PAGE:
This is about a deep need for the very thing we’ve been championing: coming together in conversation, including with those with whom we disagree,” says Executive Director Pearce Godwin. “The new reality is an encouragement for Americans of all stripes to connect, converse and care for one another.” 

The National Conversation Project has created a #WeavingCommunity website that offers simple guidelines for holding these conversations, echoing principles of civil discourse that have been promoted in recent years as an antidote to the rancor and finger-pointing that characterize too many public policy debates. “Avoid assumptions about others and listen first to understand them.” “Trust each other to speak honestly.” “Respect each other’s fears and vulnerabilities.” 

The website also offers organizations such as Consensus KC a platform for promoting their events and suggesting ways to maintain and even strengthen their communities. A map is available to “pin” these conversations, illustrating the “weaving” that’s taking place across the country. 

Our desire is to amplify where conversing and caring is taking place,” Godwin says, ”to recognize where people are doing that work, and encourage those not engaged in that work to begin building those local relationships.”

Holliday is already seeing how connecting around the pandemic is helping people begin to weave a stronger social fabric. The weekly Zoom events provide a forum where participants share ideas for supporting one another. It’s a place where, for example, people are encouraged to buy gift cards at local businesses and contribute to virtual tip jars for local artists performing online.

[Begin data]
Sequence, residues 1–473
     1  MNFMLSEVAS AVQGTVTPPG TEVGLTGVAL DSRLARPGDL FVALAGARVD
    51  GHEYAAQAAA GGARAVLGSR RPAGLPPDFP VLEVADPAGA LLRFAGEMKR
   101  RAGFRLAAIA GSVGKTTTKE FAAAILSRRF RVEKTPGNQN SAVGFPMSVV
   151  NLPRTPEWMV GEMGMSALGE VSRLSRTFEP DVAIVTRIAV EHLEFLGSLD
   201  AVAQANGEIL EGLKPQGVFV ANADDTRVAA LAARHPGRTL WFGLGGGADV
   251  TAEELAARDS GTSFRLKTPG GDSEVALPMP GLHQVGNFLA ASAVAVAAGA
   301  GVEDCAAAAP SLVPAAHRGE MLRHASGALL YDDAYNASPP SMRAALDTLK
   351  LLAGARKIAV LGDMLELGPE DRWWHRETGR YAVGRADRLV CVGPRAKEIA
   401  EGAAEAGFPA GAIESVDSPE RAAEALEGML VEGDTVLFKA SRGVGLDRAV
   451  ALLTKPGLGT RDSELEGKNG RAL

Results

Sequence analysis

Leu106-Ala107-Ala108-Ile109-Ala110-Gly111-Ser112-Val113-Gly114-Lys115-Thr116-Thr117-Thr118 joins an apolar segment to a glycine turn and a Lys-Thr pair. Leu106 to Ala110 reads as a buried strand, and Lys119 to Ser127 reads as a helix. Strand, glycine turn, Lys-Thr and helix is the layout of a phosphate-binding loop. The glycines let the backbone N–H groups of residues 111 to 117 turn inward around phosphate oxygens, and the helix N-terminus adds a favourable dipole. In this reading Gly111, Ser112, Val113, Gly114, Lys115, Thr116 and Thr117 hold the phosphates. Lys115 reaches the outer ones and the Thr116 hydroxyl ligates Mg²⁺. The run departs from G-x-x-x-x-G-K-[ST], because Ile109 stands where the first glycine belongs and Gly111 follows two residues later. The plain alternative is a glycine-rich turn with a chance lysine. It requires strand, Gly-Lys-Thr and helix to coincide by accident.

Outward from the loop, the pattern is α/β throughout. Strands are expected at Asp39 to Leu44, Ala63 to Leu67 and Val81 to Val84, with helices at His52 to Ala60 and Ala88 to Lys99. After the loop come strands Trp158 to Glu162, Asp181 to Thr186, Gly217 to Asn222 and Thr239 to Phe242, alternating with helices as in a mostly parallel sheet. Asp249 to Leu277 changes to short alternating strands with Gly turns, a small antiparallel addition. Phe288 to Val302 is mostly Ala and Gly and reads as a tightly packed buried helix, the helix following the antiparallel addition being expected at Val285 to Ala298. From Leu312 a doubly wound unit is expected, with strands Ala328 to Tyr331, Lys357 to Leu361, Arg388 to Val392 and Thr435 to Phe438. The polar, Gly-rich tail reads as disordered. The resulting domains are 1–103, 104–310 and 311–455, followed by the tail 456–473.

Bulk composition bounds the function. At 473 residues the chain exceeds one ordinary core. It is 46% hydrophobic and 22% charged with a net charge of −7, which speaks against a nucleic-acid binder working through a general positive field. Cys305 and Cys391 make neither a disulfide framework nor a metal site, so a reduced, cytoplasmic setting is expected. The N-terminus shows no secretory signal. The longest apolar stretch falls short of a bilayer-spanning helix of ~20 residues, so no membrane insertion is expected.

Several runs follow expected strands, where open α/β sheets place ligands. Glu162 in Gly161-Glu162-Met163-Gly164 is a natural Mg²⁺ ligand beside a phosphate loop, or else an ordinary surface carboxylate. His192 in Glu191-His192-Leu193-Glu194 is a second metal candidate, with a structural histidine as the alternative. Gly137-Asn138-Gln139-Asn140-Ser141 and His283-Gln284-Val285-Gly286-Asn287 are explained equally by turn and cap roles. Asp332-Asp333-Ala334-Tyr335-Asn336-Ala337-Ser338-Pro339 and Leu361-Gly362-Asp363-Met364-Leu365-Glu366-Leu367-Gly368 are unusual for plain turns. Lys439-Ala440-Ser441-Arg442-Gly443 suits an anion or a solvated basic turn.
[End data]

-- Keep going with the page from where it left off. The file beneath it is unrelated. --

Just as important, it has helped participants identify issues that the crisis has brought to the surface, such as the need for improving communication in their neighborhoods through block captains and text chains.

“Without the pandemic, without a pressing reason to bring people together to talk and share ideas, this probably wouldn’t have happened,” Holliday says. 

To call the pandemic a blessing would be a stretch. But it has created an opportunity for people to talk with their neighbors and, in the process, get to know them better. 

“The great problem we’re faced with as a society is we have to figure out a way to talk with one another,” Holiday says. 

“The coronavirus is giving us a common ground where we can do that. It gives us an opportunity to talk with people we might not have talked with before. It gives us an opportunity to build community in a way we haven’t before. And if we’re able to maintain these new connections, then I think that can help us work with one another later. That’s what we hope.”

(For updates on Consensus KC activities, including its weekly gatherings, go to: )

The Journal, the print and digital magazine of the Kansas Leadership Center, is publishing a digital newsletter that explores what is working, what isn’t working and what’s being learned during the response to COVID-19. To receive updates, subscribe here: